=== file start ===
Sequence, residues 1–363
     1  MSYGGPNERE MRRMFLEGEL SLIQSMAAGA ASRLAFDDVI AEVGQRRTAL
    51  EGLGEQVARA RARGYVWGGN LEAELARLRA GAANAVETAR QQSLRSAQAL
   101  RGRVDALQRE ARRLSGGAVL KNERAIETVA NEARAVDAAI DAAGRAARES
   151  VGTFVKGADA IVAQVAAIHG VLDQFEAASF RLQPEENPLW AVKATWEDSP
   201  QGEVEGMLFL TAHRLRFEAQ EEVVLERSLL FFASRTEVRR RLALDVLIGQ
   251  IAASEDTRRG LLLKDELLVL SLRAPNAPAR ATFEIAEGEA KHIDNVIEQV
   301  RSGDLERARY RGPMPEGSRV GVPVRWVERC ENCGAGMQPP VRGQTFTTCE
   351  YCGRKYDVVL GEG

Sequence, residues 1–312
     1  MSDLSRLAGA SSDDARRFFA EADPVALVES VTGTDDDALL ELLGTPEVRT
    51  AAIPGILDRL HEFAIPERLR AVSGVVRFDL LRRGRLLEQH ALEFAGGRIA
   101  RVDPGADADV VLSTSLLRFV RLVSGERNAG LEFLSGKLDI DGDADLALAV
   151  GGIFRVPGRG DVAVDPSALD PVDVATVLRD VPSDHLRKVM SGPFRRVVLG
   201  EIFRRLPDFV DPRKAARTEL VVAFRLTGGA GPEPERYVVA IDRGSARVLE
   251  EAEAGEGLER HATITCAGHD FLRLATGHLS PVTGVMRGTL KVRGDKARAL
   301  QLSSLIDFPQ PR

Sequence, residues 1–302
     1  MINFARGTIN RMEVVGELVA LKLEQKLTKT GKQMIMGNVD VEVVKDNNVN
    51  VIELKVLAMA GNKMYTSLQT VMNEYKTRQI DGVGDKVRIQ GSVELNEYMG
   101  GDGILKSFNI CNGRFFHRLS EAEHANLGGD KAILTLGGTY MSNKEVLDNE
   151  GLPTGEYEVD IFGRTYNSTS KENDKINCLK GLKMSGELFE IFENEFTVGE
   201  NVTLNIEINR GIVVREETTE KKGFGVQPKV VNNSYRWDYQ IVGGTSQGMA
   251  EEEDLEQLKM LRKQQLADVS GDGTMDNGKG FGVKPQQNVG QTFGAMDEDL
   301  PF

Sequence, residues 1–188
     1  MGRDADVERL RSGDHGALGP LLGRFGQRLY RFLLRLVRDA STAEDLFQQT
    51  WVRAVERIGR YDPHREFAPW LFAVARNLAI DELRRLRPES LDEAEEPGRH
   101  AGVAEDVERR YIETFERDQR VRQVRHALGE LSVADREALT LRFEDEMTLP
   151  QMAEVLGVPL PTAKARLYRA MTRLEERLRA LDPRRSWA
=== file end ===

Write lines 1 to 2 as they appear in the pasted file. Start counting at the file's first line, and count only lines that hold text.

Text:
Sequence, residues 1–363
     1  MSYGGPNERE MRRMFLEGEL SLIQSMAAGA ASRLAFDDVI AEVGQRRTAL